In this episode, the Oak Island team drilled into one of the anomalies near the Cave-In Pit discovered during a GPR scan carried out in Season 7, Episode 2. Although nothing of interest appeared at the depth of interested indicated by the GPR scan (either 82 feet or 91 feet, depending on which anomaly was investigated), a core sample taken from 99-109 feet contained four feet of pure sand. Some members of the crew believed that this sand might be remains of the Smith’s Cove flood tunnel. Indeed, Marty Lagina, who is an engineer by profession, remarked that if he had been tasked with constructing a flood tunnel that was to last a thousand years, he might have packed it with sand rather than support it with cribbing.
The notion that the Smith’s Cove flood tunnel might have been packed with sand is a new idea that has not previously been suggested on the show. This notion appears to conflict with the generally accepted purpose of the coconut-eelgrass filter discovered at Smith’s Cove by the Truro Company in 1850, namely that the filter was designed to prevent the Smith’s Cove flood tunnel from becoming clogged with sand and debris. It also runs contrary to the idea that the tunnel is supported by wooden cribbing, as suggested by members of the Oak Island team following the discovery of hand-cut beams in OITC-6 the previous episode. Perhaps most importantly, however, it conflicts with a discovery made by the Oak Island Treasure Company, which was mentioned in this episode. In the spring of 1897, the men of the Oak Island Treasure Company cleared out the Money Pit to a depth of 111 feet. There, they got a good look at the entrance of the Smith’s Cove flood tunnel before floodwater overcame their pumps. According to the workers, the flood tunnel was 4 feet high, 2.5 feet wide, and constructed from rock.
Whatever the case, a second hole sunk five feet west of the sand anomaly, on a line connecting the U-shaped structure with the Money Pit area, yielded nothing of interest, prompting the crew to abandon their drilling operation.
Upcoming Seismic Survey of the Eastern Drumlin
In this episode, we learned that the seismic exploration company Eagle Canada has been tasked with conducting an enormous seismic scan of the entire eastern end of Oak Island. This operation will be the third seismic scan conducted on Oak Island. Throughout Season 6, Eagle Canada carried out seismic scans in the Money Pit area, the Swamp, and a place northwest of the swamp dubbed the ‘Mega Bin’ area. Although these scans revealed several tantalizing anomalies, further investigation of these anomalies failed to yield anything of interest.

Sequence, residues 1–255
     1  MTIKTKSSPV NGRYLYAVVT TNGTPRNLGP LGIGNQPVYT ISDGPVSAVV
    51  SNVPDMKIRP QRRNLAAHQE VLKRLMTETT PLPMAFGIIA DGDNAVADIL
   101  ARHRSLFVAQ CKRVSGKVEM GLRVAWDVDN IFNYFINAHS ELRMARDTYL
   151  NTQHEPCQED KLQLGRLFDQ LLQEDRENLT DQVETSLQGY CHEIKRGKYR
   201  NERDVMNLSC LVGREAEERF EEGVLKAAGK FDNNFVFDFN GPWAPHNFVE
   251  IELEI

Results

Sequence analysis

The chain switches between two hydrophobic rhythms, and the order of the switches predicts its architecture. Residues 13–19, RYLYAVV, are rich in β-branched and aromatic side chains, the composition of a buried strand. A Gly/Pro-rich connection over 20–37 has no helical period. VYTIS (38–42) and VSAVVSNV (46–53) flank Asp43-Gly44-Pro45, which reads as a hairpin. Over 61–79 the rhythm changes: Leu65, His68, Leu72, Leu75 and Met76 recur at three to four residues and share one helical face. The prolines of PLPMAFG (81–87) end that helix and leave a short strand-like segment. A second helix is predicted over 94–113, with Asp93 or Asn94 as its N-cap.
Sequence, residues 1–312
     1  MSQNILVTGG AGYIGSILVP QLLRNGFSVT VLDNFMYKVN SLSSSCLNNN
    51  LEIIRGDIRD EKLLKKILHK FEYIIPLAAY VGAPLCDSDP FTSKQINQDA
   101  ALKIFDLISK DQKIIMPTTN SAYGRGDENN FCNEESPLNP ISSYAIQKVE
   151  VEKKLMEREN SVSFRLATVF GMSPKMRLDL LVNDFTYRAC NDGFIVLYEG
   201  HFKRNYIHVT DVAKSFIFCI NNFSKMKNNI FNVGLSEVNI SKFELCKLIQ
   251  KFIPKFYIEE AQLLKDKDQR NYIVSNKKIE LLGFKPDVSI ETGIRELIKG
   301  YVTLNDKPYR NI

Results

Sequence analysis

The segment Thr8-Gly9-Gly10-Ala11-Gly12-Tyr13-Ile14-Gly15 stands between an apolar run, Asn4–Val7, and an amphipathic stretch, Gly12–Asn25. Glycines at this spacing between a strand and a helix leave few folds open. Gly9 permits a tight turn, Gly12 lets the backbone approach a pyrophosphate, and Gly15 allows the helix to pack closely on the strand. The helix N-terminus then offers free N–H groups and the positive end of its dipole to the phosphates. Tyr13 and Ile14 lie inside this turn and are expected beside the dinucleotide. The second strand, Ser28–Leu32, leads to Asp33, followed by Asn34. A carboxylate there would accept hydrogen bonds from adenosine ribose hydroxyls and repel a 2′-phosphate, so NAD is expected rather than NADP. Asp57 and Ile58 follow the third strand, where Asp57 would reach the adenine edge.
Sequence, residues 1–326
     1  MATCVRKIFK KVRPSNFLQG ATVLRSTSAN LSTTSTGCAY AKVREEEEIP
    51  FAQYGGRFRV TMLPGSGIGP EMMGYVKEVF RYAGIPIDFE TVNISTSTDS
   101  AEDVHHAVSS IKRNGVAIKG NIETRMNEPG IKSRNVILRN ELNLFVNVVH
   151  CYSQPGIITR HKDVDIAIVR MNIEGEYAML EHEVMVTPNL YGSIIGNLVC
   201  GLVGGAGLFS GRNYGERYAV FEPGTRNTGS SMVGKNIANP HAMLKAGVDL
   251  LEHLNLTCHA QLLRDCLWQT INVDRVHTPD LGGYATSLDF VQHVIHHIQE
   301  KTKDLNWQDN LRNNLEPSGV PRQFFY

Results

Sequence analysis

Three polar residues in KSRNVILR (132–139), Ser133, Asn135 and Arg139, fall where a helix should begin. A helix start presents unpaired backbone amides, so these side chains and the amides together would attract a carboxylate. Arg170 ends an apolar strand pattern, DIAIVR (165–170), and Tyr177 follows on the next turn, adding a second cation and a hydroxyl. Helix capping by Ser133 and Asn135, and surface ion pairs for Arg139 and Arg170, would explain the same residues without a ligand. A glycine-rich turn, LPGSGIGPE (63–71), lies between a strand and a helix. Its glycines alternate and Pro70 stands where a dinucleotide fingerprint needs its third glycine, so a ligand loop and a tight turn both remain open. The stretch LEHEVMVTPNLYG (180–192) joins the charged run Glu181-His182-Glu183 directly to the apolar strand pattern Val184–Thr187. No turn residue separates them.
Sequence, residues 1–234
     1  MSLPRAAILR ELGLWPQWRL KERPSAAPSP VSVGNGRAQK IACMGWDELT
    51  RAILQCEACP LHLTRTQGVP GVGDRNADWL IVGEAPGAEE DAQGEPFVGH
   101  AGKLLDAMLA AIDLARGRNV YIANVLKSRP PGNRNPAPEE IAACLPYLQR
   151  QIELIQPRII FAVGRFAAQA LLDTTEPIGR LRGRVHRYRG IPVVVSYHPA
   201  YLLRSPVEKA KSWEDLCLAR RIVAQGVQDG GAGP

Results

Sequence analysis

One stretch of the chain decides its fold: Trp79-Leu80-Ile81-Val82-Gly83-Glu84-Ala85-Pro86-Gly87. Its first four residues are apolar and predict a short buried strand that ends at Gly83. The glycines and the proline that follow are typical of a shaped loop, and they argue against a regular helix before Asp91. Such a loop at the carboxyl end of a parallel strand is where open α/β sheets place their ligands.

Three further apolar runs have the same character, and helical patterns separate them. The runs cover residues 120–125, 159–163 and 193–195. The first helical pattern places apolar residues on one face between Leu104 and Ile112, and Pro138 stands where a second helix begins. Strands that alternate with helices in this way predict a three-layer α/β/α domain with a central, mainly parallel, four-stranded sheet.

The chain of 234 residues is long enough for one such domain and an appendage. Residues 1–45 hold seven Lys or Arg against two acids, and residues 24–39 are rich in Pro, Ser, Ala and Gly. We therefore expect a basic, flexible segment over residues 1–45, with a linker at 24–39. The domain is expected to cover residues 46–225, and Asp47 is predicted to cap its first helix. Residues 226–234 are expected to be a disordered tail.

Chipp Reid’s Theory
In this episode, naval historian Chipp Reid presented his own theory regarding the nature of the mysterious workings discovered at Smith’s Cove the previous season. Using a map of Cartagena, Colombia, drawn by English engineer John Thomas the Elder in 1741, he demonstrated that some of the structures discovered at Smith’s Cove- including the U-Shaped structure, the L-shaped structure, and the slipway- bear remarkable resemblance to components of a ‘water battery’, or a beachside artillery station. He went on to suggest that the battery was constructed by members of the French military, who had a major presence in Nova Scotia throughout much of the 17th and 18th Centuries. He also suggested that the battery was constructed in the early 1700s, and expressed partiality towards the theory that the Oak Island treasure consists of the treasury of the Fortress of Louisbourg, buried by members of the French military prior to the First Siege of Louisbourg in 1745.
One major problem with Reid’s theory, of which the naval historian is doubtless aware, is the dendrochronological dating of the various Smith’s Cove structures carried out in Season 6, Episode 21. Specifically, wood from the slipway was dated to 1771, and wood from the U-shaped structure was dated to 1769. If the dendrochronological dating is accurate, then it is unlikely that the French had a hand in the structures’ construction. The French lost peninsular Nova Scotia to the British during Queen Anne’s War (1702-1713), the North American theatre of the War of Spanish Succession, only retaining the large island that lies north of the peninsula, known today as Cape Breton Island. Although the French made several attempts to retake peninsular Nova Scotia, including the disastrous Duc d’Anville Expedition of 1746, they never succeeded in their endeavors. The French lost their Nova Scotian holdings to the British for good in 1758, following the second Siege of Louisbourg. By 1769, when the trees of which the U-shaped structure is comprised were felled, all of Nova Scotia was firmly in British hands.
Shaft 9 and the Sluiceway
Near the end of this episode, we learn about a lost Oak Island landmark discovered years prior by Dan Henskee and members of Triton Alliance, who made the discovery while looking through the papers of former Oak Island treasure hunter Mel Chappell. Back in 1863, the Oak Island Association dug a 120-foot deep shaft, called ‘Shaft 9’, about 100 feet southeast of the Money Pit and 20 feet south of the Smith’s Cove flood tunnel. In order to prevent this tunnel from flooding, they constructed a sluiceway which directed any water which might collect in the tunnel towards the South Shore Cove (it must be mentioned that, in his 1958 book The Oak Island Mystery, Oak Island lawyer R.V. Harris stated that this tunnel connecting Shaft 9 with the South Shore Cove was intended to intercept the South Shore Cove flood tunnel). That accomplished, the Association built another 108-foot-deep tunnel from Shaft 9 towards the Money Pit. Although the narrator informed us in this episode that the workers were unable to complete this tunnel, R.V. Harris, in his book, stated that this tunnel “entered the [Money] Pit at a point 100 feet down and there they found the hard bottom of the Pit on the west side.”